They’ve advanced to the gold medal game of every Olympic women’s soccer tournament that has been contested. The USA won the inaugural gold medal in 1996 in Athens, Ga., won silver in 2000 in Sydney, Australia, and will be going for its fourth straight gold medal after standing atop the podium in Athens, Greece in 2004, in Beijing in 2008 and in London in 2012.

US Women’s Team / Women’s Soccer Olympics Schedule

Wed., Aug. 3 – New Zealand (6 p.m. ET) at Mineirão Stadium in Belo

Sat., Aug. 6 – France (4 p.m. ET) at Mineirão Stadium

Tues., Aug. 9 – Colombia  (6 p.m. ET) at the Amazônia Stadium in Manaus

Medal Rounds

Sat., Aug 13 – Quarterfinals

Wed., Aug 17 – Semifinals

Sat., Aug 20 – Bronze and Gold Medal Games

2016 U.S. Olympic Women’s Soccer Team Roster by Position:
GOALKEEPERS (2): Alyssa Naeher (Chicago Red Stars), Hope Solo (Seattle Reign FC)

DEFENDERS (6): Whitney Engen (Boston Breakers), Julie Johnston (Chicago Red Stars), Meghan Klingenberg (Portland Thorns FC), Ali Krieger (Washington Spirit), Kelley O’Hara (Sky Blue FC), Becky Sauerbrunn (FC Kansas City)

MIDFIELDERS (6): Morgan Brian (Houston Dash), Tobin Heath (Portland Thorns FC), Lindsey Horan (Portland Thorns FC), Carli Lloyd (Houston Dash), Allie Long (Portland Thorns FC), Megan Rapinoe (Seattle Reign FC)

FORWARDS (4): Crystal Dunn (Washington Spirit), Alex Morgan (Orlando Pride), Christen Press (Chicago Red Stars), Mallory Pugh (Real Colorado)

If you are a real soccer nut — and want to watch as many game as possible — here’s the complete women’s and men’s schedules.  Of course, the U.S. Men failed to qualify for the Olympics again:


Aug. 4 in Brasilia
Iraq vs. Denmark
Aug. 4 in Brasilia
Brazil vs. South Africa
Aug. 7 in Brasilia
Denmark vs. South Africa
Aug. 7 in Brasilia
Brazil vs. Iraq
Aug. 10 in Salvador
Denmark vs. Brazil
Aug. 10 in Sao Paulo
South Africa vs. Iraq

Aug. 4 in Manaus
Sweden vs. Colombia
Aug. 4 in Manaus
Nigeria vs. Japan
Aug. 7 in Manaus
Sweden vs. Nigeria
Aug. 7 in Manaus
Japan vs. Colombia
Aug. 10 in Salvador
Japan vs. Sweden
Aug. 10 in Sao Paulo
Colombia vs. Nigeria

Aug. 4 in Salvador
Fiji vs. South Korea
Aug. 4 in Salvador
Mexico vs. Germany
Aug. 7 in Salvador
Fiji vs. Mexico
Aug. 7 in Salvador
Germany vs. South Korea
Aug. 10 in Belo Horizonte
Germany vs. Fiji
Aug. 10 in Brasilia
South Korea vs. Mexico

Aug. 4 in Rio de Janeiro
Honduras vs. Algeria
Aug. 4 in Rio de Janeiro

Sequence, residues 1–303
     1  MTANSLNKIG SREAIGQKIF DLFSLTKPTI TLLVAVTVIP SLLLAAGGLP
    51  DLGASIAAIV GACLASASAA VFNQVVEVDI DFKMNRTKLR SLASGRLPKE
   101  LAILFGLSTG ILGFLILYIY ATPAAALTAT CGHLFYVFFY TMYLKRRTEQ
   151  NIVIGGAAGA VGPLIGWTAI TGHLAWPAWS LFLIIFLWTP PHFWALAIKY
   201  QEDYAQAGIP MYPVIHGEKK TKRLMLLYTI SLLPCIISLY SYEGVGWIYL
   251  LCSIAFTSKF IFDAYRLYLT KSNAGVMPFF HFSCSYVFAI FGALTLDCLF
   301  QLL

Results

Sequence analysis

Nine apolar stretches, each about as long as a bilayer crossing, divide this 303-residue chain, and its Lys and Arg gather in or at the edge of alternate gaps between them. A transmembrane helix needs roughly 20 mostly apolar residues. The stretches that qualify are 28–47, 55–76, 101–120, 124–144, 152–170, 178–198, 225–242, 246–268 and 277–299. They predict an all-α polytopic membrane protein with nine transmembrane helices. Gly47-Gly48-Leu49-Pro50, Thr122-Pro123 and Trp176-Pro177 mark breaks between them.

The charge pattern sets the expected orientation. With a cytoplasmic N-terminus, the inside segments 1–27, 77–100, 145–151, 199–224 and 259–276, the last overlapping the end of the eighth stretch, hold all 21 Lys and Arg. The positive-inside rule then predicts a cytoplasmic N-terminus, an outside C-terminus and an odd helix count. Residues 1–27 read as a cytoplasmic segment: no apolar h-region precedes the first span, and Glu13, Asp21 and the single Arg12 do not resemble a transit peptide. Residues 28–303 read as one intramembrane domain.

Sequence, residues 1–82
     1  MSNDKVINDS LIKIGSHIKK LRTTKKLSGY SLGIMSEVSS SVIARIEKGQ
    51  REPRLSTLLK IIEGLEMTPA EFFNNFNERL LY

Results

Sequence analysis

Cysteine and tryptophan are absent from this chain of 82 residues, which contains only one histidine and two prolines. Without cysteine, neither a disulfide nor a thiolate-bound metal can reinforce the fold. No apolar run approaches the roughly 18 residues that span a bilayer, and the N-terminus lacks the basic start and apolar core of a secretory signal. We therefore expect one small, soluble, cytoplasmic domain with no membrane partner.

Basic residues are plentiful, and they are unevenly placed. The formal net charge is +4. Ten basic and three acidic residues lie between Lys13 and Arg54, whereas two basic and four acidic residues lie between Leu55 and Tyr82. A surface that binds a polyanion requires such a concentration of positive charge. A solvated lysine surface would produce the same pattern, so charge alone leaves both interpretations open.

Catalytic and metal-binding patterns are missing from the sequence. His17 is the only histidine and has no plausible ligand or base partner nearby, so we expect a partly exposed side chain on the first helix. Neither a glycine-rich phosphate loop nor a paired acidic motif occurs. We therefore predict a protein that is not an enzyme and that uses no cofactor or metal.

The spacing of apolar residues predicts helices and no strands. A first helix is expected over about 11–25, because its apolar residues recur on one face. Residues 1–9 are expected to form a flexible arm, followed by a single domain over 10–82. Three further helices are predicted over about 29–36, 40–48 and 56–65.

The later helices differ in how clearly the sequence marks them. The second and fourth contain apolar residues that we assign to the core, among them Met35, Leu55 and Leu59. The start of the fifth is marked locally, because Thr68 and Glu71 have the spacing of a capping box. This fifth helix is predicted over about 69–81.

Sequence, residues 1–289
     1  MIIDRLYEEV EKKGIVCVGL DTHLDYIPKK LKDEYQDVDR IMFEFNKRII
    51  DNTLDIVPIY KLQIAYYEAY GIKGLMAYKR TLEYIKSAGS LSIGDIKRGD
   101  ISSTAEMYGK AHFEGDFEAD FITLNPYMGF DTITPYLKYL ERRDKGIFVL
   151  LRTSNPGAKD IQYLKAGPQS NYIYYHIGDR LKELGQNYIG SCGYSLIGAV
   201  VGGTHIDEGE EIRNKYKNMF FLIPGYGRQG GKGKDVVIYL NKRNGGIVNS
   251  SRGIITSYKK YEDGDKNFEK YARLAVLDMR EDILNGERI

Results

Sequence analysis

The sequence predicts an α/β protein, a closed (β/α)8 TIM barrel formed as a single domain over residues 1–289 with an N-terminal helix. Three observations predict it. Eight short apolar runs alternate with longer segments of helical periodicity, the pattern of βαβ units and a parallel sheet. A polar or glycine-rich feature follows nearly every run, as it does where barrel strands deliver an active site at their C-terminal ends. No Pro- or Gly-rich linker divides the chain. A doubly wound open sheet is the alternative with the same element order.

Portugal vs. Argentina
Aug. 7 in Rio de Janeiro
Honduras vs. Portugal
Aug. 7 in Rio de Janeiro
Argentina vs. Algeria
Aug. 10 in Brasilia
Argentina vs. Honduras
Aug. 10 in Belo Horizonte
Algeria vs. Portugal

Aug. 13 in Sao Paulo
Game 1: 1A vs. 2B
Aug. 13 in Salvador
Game 2: 1B vs. 2A
Aug. 13 in Belo Horizonte
Game 3: 1C vs. 2D
Aug. 13 in Brasilia
Game 4: 1D vs. 2C

Aug. 17 in Rio de Janeiro
Game 5: Game 1 winner vs. Game 3 winner
Aug. 17 in Sao Paulo
Game 6: Game 2 winner vs. Game 4 winner

Aug. 20 in Belo Horizonte
Game 5 loser vs. Game 6 loser

Aug. 20 in Rio de Janeiro
Game 5 winner vs. Game 6 winner



Aug. 3 in Rio de Janeiro
Sweden vs. South Africa
Aug. 3 in Rio de Janeiro
Brazil vs. China
Aug. 6 in  Rio de Janeiro
South Africa vs. China
Aug. 6 in  Rio de Janeiro
Brazil vs. Sweden
Aug. 9 in Manaus
Brazil vs. South Africa
Aug. 9 in Brasilia
China vs. Sweden

Aug. 3 in Sao Paulo
Canada vs. Australia
Aug. 3 in Sao Paulo
Zimbabwe vs. Germany
Aug. 6 in Sao Paulo
Canada vs. Zimbabwe
Aug. 6 in Sao Paulo
Germany vs. Australia
Aug. 9 in Brasilia
Germany vs. Canada
Aug. 9 in Salvador
Australia vs. Zimbabwe

Aug. 3 in Belo Horizonte
USA vs. New Zealand
Aug. 3 in Belo Horizonte
France vs. Colombia
Aug. 6 in Belo Horizonte
USA vs. France
Aug. 6 in Belo Horizonte
Colombia vs. New Zealand
Aug. 9 in Manaus
USA vs. Colombia
Aug. 9 in Salvador
New Zealand vs. France

Aug. 12 in Brasilia
Game 1: 1G vs. 3E/F
Aug. 12 in Salvador
Game 2: 1E vs. 2F
Aug. 12 in Sao Paulo
Game 3: 1F vs. 2G
Aug. 12 inBelo Horizonte
Game 4: 1E vs. 3F/G

Aug. 16 in Rio de Janeiro
Game 5: Game 1 winner vs. Game 4 winner
Aug. 16 inBelo Horizonte
Game 6: Game 2 winner vs. Game 3 winner

Aug. 19 in Sao Paulo
Game 5 loser vs. Game 6 loser

Aug. 19 in Rio de Janeiro
Game 5 winner vs. Game 6 winner